II. THE PROKARYOTIC CELL: BACTERIA
B. PROKARYOTIC CELL ANATOMY
3. Cellular Components Located Within the Cytoplasm
Fundamental Statements for this Learning Object:
1. Ribosomes are composed of ribosomal RNA (rRNA) and protein.
2. Bacterial ribosomes are composed of two subunits with sedimentation rates of 50S and 30S, as opposed to 60S and 40S in eukaryotic cells.
3. Ribosomes function as a workbench for protein synthesis whereby they receive and translate genetic instructions for the formation of specific proteins.
4. During translation, specific tRNA molecules pick up specific amino acids, transfer those amino acids to the ribosomes, and insert them in their proper place according to the mRNA "message."
5. Many antibiotics bind to either the 30S or the 50S subunit of bacterial ribosomes, interfering with translation and thereby causing faulty protein synthesis.
LEARNING OBJECTIVES FOR THIS SECTION
In this section on Prokaryotic Cell
Anatomy we are looking at the various anatomical parts that make up
a bacterium. As mentioned in the introduction to this section, a typical bacterium
usually consists of:
We will now look at bacterial ribosomes.
A. Structure and Composition
Ribosomes are composed of ribosomal RNA (rRNA) and protein. Prokaryotic cells have three types of rRNA: 16S rRNA, 23S rRNA, and 5S rRNA. Like transfer RNA (tRNA), rRNAs use intrastrand H-bonding between comlementary nucleotide bases to form complex folded structures.
Ribosomes are composed of two subunits with densities of 50S and 30S. (A svedberg unit (S) is a non-metric unit for sedimentation rate and is actually a measure of time defined as 10-13 seconds. In biology, the sedimentation rate, or sedimentation coefficient, refers to the rate at which a molecule or particle travels to the bottom of a test tube under the centrifugal force of an ultra-high speed centrifuge. The S value of a molecule or particle is determined by its mass, density, and shape.) The 30S subunit contains 16S rRNA and 21 proteins; the 50S subunit contains 5S and 23S rRNA and 31 proteins. (See Ribosomal subunit sedimentation rates: 50S and 30S.)
The two subunits combine during protein synthesis to form a complete 70S ribosome about 25nm in diameter. A typical bacterium may have as many as 15,000 ribosomes.
To view electron micrograph showing the nucleoid and ribosomes in a Streptococcus pneumoniae. see Fig. 1.
Ribosomes function as a workbench for protein synthesis, that is, they receive and translate genetic instructions for the formation of specific proteins. During protein synthesis, mRNA attaches to the 30s subunit and amino acid-carrying transfer RNAs (tRNA) attach to the 50s subunit (see Fig. 2). Protein synthesis is discussed in detail in Unit 6.
The chromosome is the genetic material of the bacterium. Genes (def) located along the DNA are transcribed (def) into RNA molecules, primarily messenger RNA (mRNA) (def), transfer RNA (tRNA (def), and ribosomal RNA (rRNA) (def). Messenger RNA is then translated (def) into protein at the ribosomes.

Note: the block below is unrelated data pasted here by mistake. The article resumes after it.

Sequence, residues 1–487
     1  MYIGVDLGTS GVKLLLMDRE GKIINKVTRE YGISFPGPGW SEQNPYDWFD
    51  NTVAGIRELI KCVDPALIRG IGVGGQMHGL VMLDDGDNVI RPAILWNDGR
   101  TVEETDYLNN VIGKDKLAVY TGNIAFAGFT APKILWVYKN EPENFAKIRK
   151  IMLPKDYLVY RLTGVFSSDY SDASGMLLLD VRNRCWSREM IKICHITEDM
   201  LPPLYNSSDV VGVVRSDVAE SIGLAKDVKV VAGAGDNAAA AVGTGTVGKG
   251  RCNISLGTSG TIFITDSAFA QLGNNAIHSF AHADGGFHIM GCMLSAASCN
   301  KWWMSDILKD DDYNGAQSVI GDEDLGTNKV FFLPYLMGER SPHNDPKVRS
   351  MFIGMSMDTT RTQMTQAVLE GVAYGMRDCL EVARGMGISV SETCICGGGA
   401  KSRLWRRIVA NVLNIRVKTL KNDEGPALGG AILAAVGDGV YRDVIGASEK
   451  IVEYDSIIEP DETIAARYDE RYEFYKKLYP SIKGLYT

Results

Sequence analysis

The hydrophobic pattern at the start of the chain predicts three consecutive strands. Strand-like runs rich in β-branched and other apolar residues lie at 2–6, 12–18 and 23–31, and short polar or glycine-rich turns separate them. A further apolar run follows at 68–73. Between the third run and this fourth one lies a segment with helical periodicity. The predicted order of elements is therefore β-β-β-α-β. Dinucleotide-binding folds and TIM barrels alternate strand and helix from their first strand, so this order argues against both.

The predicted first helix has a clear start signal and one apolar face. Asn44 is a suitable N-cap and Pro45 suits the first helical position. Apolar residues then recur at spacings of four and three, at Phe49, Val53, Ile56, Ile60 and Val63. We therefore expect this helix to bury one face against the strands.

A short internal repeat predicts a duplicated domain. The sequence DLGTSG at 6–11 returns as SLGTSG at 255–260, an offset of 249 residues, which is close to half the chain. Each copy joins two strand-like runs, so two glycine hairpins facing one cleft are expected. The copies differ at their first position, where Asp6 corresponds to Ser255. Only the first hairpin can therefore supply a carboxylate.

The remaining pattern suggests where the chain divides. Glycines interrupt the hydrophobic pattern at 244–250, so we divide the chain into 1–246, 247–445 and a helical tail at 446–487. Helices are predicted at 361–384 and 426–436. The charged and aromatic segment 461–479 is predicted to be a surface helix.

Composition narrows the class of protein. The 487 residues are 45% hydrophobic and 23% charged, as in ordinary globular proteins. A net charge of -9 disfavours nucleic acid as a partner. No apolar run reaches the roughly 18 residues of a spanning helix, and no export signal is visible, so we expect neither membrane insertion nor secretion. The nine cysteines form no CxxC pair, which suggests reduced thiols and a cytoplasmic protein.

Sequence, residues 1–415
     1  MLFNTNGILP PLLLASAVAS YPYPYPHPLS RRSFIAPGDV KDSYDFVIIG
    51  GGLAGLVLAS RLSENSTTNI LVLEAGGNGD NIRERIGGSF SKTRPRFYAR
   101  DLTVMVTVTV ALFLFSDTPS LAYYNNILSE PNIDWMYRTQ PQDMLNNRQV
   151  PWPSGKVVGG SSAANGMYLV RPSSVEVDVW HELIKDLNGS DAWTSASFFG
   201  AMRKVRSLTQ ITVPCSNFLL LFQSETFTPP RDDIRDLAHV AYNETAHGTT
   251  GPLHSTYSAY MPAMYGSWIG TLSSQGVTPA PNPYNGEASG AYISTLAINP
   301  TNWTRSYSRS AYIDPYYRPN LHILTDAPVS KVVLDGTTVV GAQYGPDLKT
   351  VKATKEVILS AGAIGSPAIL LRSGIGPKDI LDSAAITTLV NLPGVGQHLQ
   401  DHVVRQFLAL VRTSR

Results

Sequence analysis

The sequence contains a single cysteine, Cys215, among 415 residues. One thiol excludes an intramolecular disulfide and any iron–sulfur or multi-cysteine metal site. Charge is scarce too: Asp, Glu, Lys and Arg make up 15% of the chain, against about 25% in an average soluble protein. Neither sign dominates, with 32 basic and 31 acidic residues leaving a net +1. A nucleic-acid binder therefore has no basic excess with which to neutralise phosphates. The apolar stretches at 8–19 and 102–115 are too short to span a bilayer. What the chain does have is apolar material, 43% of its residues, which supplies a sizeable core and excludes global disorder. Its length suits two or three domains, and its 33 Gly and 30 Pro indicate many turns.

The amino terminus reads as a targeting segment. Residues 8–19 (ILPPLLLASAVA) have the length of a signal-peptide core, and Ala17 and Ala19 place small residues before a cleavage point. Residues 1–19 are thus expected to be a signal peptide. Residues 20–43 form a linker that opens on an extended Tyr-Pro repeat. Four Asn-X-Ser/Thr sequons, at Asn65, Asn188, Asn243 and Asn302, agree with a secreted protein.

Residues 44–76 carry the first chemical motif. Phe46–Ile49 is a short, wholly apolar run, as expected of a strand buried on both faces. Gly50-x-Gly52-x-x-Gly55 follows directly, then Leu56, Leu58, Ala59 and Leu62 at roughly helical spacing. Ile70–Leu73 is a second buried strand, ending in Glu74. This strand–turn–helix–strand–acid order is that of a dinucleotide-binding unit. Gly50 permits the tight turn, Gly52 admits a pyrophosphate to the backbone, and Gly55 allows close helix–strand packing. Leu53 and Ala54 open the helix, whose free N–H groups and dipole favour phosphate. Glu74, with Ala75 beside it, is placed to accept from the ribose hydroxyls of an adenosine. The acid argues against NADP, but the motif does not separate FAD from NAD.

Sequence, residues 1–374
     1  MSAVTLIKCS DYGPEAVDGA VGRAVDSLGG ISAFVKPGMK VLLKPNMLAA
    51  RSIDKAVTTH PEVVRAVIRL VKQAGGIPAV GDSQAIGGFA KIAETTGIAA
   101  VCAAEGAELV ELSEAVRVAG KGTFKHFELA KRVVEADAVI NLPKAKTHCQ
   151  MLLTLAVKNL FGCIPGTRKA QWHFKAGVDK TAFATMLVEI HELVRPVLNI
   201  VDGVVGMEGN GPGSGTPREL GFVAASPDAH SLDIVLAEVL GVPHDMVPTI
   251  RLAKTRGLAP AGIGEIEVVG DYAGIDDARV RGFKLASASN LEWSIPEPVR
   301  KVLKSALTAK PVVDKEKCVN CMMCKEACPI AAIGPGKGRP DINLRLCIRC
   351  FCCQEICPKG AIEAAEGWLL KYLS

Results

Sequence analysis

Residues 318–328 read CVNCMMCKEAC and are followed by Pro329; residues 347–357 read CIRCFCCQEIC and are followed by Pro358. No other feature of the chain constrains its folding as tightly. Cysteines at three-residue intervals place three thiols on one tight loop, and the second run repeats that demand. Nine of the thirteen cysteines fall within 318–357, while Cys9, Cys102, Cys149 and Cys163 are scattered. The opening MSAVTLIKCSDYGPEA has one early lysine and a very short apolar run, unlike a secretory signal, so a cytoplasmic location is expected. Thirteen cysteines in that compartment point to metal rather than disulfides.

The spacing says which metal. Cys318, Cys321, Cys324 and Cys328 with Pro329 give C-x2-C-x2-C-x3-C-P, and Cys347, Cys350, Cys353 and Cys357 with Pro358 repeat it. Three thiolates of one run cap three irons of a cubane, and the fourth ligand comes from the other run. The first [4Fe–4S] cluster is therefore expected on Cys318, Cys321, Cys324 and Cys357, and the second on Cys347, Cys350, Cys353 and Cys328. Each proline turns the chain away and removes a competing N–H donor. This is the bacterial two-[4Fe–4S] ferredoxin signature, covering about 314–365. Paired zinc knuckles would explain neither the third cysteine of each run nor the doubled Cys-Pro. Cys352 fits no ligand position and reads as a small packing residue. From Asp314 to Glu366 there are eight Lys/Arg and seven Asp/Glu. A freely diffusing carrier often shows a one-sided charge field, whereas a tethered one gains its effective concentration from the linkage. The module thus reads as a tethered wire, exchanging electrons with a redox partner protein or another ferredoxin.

Ribonucleic acid (RNA) is synthesized by complementary base pairing (def) of ribonucleotides (def) with deoxyribonucleotides (def) to match a portion of one strand of DNA called a gene (def). Although genes are present on both strands of DNA, only one strand is transcribed for any given gene. Following transcription of genes into mRNA (def), 30S and 50S ribosomal subunits attach to the mRNA and tRNA inserts the correct amino acids which are subsequently joined to form a polypeptide or a protein through a process called translation.
During translation, specific tRNA molecules (def) pick up specific amino acids, transfer those amino acids to the ribosomes, and insert them in their proper place according to the mRNA (def) "message." This is done by the anticodon (def) portion of the tRNA molecules complementary base pairing (def) with the codons (def) along the mRNA.
In bacteria, transcription and translation (def) are coupled. RNA polymerase (def) binds to the 30S ribosomal subunit of prokaryotic ribosomes to form a transcription and translation machine called an expressome. As the DNA is being unwound and transcribed into complementary mRNA by RNA polymerase, the mRNA is being fed into the translational center of the ribosome where it is being translated into a polypeptide. Translation is described in the next lesson.
Coupled transcription and translation in bacteria via the bacterial expressome.
C. Antimicrobial Agents that Alter Prokaryotic Ribosomal Subunits and Block Translation in Bacteria
Many antibiotics alter bacterial ribosomes (def), interfering with translation (def) and thereby causing faulty protein synthesis. The portion of the ribosome to which the antibiotic binds determines how translation is effected. For example:
- The tetracyclines (tetracycline, doxycycline, demeclocycline, minocycline, etc.) bind reversibly to the 30S subunit, distorting it in such a way that the anticodons of charged tRNAs (def) cannot align properly with the codons of the mRNA (def).
Antimicrobial chemotherapy will be discussed in greater detail later in Unit 2 under Control of Bacteria by Using Antibiotics and Disinfectants.
Gary E. Kaiser, Ph.D.
Professor of Microbiology
The Community College of Baltimore County, Catonsville Campus
This work is licensed under a Creative Commons Attribution 4.0 International License.
Based on a work at http://faculty.ccbcmd.edu/~gkaiser/index.html.
Last updated: August, 2018
Please send comments and inquiries to Dr. Gary Kaiser